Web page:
Архивы блога - THE CATASTROPHIZER
 
I realize this countdown is trying the patience of those who would be more excited about Murder, She Wrote if Jessica Fletcher had started, say, making and selling meth during a strangely dark sixth season. I realize that I now have fewer readers than this ACTUAL WEBSITE dedicated to itemizing and appreciating Jessica Fletcher's wardrobe choices (my thanks to Stripes for venturing into the dark heart of the online Fletcher fan community and returning with that link—and, presumably, a more sophisticated aesthetic sense). But if there's one thing, one thing, I start and then successfully finish in my life, it will be this list of magnificent Murder, She Wrote guest stars.

And we're almost there, because we're at number 2, and this list will absolutely end at number 1. And #1 is even better than #2--which is amazing, considering #2 is Andy Garcia.

It was the very first episode of Murder, She Wrote, and Jessica, suddenly thrust into the spotlight and a murder investigation after publishing a bestselling book, takes to wandering the streets in search of malefactors. And because this is 1984 in New York City, she ends up being menaced by thugs. And because every actor celebrated in 1990 had to have been somewhere in 1984, one of those thugs was played by Andy Garcia.


[I did not take or write on that photo: I got that photo from YET ANOTHER BLOG ENTIRELY DEDICATED TO MURDER, SHE WROTE.]

His name was "1st White Tough"
Picture
The man with the less thuggish hat is Ned Beatty.
He offers, in a VERY MENACING WAY, to give Jessica a "free blood test," but she is rescued by "Black Youth" before he can do so. You'll note that Garcia is sporting the very same hat he will later wear in The Godfather: Part III.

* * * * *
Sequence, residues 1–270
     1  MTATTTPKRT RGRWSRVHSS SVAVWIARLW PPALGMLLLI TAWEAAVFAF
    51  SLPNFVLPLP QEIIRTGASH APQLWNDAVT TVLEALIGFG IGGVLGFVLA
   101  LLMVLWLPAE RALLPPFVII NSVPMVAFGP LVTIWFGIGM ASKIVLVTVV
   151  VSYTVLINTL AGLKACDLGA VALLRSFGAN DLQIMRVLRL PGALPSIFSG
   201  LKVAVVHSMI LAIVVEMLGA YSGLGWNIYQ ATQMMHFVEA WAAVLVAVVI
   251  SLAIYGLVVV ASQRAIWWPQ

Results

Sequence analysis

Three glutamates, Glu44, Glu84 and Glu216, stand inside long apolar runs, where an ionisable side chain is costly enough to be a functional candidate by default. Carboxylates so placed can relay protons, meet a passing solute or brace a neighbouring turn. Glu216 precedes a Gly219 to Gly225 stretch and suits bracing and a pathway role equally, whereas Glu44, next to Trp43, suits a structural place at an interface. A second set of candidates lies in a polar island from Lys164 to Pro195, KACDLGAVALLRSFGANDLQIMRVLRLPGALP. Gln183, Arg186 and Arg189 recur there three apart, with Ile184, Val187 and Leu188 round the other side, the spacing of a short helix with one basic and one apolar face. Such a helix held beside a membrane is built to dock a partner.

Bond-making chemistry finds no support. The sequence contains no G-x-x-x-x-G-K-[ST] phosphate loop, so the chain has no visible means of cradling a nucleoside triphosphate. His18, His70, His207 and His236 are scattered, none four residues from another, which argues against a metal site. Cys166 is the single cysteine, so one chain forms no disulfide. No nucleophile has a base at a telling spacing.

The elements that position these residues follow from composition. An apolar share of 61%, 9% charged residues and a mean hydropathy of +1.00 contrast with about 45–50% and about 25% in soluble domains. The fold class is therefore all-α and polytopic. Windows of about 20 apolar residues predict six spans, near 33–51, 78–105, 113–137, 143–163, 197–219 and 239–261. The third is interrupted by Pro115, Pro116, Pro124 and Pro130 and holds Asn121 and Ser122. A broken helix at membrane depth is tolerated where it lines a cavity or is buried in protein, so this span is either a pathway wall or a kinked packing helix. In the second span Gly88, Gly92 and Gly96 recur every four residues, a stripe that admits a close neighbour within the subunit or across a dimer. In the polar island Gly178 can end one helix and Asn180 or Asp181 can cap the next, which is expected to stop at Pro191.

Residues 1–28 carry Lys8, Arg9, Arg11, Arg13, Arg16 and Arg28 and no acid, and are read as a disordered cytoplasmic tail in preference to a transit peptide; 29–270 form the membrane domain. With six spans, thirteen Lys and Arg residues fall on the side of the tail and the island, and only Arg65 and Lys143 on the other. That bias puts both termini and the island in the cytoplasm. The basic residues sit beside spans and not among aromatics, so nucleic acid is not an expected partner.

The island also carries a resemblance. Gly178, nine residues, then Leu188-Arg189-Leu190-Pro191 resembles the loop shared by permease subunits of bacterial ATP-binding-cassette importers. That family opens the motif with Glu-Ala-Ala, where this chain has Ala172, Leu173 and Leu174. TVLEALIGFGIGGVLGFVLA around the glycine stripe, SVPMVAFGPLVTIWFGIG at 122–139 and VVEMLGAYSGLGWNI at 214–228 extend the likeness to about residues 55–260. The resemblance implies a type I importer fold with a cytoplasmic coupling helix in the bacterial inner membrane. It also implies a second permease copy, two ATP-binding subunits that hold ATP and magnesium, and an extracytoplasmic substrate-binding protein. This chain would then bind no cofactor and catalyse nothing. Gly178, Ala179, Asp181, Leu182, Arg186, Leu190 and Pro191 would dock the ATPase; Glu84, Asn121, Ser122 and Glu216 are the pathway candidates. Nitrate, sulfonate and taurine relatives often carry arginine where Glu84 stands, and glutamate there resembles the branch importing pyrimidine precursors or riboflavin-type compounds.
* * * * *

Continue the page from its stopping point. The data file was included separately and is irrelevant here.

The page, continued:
And "2nd White Tough" also made something of himself, in that he recently appeared in a film called Mansion of Blood with both Gary Busey and Robert Picardo.


 
I spend a lot of time on imdb.com. That's how I know whom the guy who played Fritz on The Closer was once married to (Teri Hatcher), who Rachel Weisz parents are (mother Edith = Austrian psychoanalyst, father George = Hungarian inventor), and who was unexpectedly vegetarian (Dennis Weaver). I don't even have to be particularly interested in someone to imdb him or her—it's a reflex action now, like blaming my parents for not being Hungarian inventors.

And it's my imdb habit that resulted in my knowing about the obscenely successful secret life of a one-time Murder, She Wrote guest star. I watched an episode from 1989 called "Class Act" a while ago and decided to see whether anyone who appeared in it had ever worked again. A number had gone on to play roles with more descriptive credit lines ("Santa Fe woman"), or to become Rashida Jones's uncle, or to continue to be Robert Pine, but one of them, whom I had unfairly and prematurely consigned to "Santa Fe man"-ness in my mind turned out to have made a not-too-shabby life for himself.

I could find not one photo of him from Murder, She Wrote, despite the fact that this role is one of the least impressive of his career. So I'll have to show you an up-to-date one:
And here is another photo that better illustrates what he's been up to since playing "Bernard 'Bernie' Berndlestein" opposite Angela Lansbury:
So, yes. He directed The Men Who Stare at Goats. He is close friends with George Clooney and produces movies with him (Argo-like movies along the lines of Argo).

Imdb also tells me: "On the DVD commentary for Good Night, and Good Luck. (2005), George Clooney says that shortly after he met Grant Heslov in 1982, Heslov loaned Clooney $200.00 to buy his first set of headshots, and they have been friends ever since (and later writing and producing partners)."

Which means that Grant Heslov and George Clooney were already friends when they filmed their respective Murder, She Wrote episodes--so they can remind each other that when they said things like "I feel my artistic potential is not being fully realized through the role of Bernie Berndlestein, but I have faith that I will someday make something of myself," or "I dislike my raincoat and Buddy Hackett is all hands, but I have faith that I will someday make something of myself," they were absolutely justified in doing so.